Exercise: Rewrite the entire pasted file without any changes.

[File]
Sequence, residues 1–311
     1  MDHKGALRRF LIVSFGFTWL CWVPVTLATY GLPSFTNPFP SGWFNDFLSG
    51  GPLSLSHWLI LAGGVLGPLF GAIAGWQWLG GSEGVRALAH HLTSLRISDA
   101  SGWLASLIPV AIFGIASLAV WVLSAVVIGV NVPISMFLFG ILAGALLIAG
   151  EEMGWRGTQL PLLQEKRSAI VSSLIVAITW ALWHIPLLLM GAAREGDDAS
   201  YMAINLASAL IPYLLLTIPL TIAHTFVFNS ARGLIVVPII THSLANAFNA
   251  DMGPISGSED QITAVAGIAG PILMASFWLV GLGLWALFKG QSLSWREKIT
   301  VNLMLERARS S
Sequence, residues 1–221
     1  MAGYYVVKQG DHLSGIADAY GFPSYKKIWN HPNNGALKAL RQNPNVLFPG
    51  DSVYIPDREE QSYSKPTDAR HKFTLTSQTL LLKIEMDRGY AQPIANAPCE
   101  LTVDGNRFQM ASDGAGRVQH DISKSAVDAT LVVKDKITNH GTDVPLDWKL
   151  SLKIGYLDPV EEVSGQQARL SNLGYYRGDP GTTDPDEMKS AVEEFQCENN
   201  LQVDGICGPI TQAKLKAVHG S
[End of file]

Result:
Sequence, residues 1–311
     1  MDHKGALRRF LIVSFGFTWL CWVPVTLATY GLPSFTNPFP SGWFNDFLSG
    51  GPLSLSHWLI LAGGVLGPLF GAIAGWQWLG GSEGVRALAH HLTSLRISDA
   101  SGWLASLIPV AIFGIASLAV WVLSAVVIGV NVPISMFLFG ILAGALLIAG
   151  EEMGWRGTQL PLLQEKRSAI VSSLIVAITW ALWHIPLLLM GAAREGDDAS
   201  YMAINLASAL IPYLLLTIPL TIAHTFVFNS ARGLIVVPII THSLANAFNA
   251  DMGPISGSED QITAVAGIAG PILMASFWLV GLGLWALFKG QSLSWREKIT
   301  VNLMLERARS S
Sequence, residues 1–221
     1  MAGYYVVKQG DHLSGIADAY GFPSYKKIWN HPNNGALKAL RQNPNVLFPG
    51  DSVYIPDREE QSYSKPTDAR HKFTLTSQTL LLKIEMDRGY AQPIANAPCE
   101  LTVDGNRFQM ASDGAGRVQH DISKSAVDAT LVVKDKITNH GTDVPLDWKL
   151  SLKIGYLDPV EEVSGQQARL SNLGYYRGDP GTTDPDEMKS AVEEFQCENN
   201  LQVDGICGPI TQAKLKAVHG S